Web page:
I first heard the word neoliberalism during an epistemology class as part of the first year of my PhD. I didn’t take much notice, frankly it was another long word that I just hadn’t heard before and in that class, it took quite a while to understand what any of the long words ending in *ism meant. Like yellow cars, however, I started to notice the word more and more, within student conversations, occasionally in an obscure journal paper, in the occasional Guardian article and increasingly on social media. This week I finally got around to reading ‘The Establishment’ by Owen Jones, which in many ways summarises a view of what neoliberalism is, how it has come about, implications and crucially who gains and thrives from it, and how they sustain it – the Establishment. He suggests that this isn’t some grand plan or group of leaders meeting in some smokey gentlemans club somewhere, but a mental model developed by a few outriders that prepared the way for a shift to the right, arguing that the post war consensus, i.e. The welfare state etc., needed reform and retrenching. As one of Thatchers children, the pattern was for me perhaps harder to notice, perhaps explaining why neoliberalism was I word I hadn’t heard before 2013, so normalised and prevalent were the arguments for privatisation and growing individualism, the need for accountability etc. during my education, early career and within general discourse.
Using this viewpoint, the book has made me think rather hard about what QI practitioners like myself do, and how that may or may not contribute to the ‘Establishment’ and what Owen Jones suggests it stands for. Quality improvement by its nature is about ensuring improved performance, measurement, and in many cases doing more with the same or less – many of the very thing that have grown during the era of neoliberalism. Some critics of quality improvement approaches suggest they just the latest in a long line of ways, most of which started, they argue, with Taylorism, to inappropriately standardise work (especially in healthcare) and exploit and control workers, gradually removing worker rights for flexibility and seeking ever more efficiencies and productivity improvements, that benefit the elite (establishment).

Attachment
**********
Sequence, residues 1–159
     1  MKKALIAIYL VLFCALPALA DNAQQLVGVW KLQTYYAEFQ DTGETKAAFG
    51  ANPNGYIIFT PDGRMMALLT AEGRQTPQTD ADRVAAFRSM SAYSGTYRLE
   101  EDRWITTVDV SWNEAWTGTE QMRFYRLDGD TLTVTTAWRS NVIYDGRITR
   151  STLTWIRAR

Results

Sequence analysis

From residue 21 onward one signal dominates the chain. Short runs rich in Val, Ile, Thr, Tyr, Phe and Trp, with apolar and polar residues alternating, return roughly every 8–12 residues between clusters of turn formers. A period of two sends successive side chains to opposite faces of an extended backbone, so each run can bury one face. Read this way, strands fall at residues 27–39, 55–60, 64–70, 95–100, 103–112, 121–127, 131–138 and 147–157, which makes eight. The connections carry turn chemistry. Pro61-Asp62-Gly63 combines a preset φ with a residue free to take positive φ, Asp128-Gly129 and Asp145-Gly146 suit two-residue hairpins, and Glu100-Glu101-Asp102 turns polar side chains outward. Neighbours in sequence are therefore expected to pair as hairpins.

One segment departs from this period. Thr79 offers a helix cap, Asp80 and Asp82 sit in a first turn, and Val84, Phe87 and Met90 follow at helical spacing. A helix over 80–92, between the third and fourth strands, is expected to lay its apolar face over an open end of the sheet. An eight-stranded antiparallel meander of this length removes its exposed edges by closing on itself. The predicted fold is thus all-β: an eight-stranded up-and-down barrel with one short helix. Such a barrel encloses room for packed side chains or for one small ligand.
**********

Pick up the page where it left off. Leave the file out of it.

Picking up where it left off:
Most factories I worked in during my early career were on the brink of closure (often due to outsourcing activity, usually to Asia) or already in the throes of redundancies, which were often the programmes which I worked on to work out how a supply chain could keep working whilst production moved or the workforce downsized. The first time I work on a project involving redundancies I remember having a huge strop with my boss explaining how ‘I came to improve things, not help people lose their jobs’… I was sat down and it was explained to me that in the long run this was better, because without the restructuring there would be no factory at all, and surely some jobs are better than none. At the time, as a junior engineer, I just nodded and got on with it… time to grow up, it was my job, right? And I continued to work on improvement projects of all types. I do remember a sense of relief though on joining the NHS that now I would ‘definitely’ be improving people’s lives.
But the perspective offered in this book has really made me wonder if we are doing what we ostensively set out to do when improving quality in healthcare. Most improvement approaches define quality based on the patients view of quality (a few could be argued to use much more neoliberal view…i.e. stuff people will pay for). So, how much of improvement activity is genuinely for patients? How much improvement activity is genuine coproduction and working together with staff and patients? This to me is the hope that is offered by quality improvement approaches rather than the exploitation and standardisation that QI approaches can be critiqued as. My sense in healthcare is we are not there yet, and have quite somewhere to go.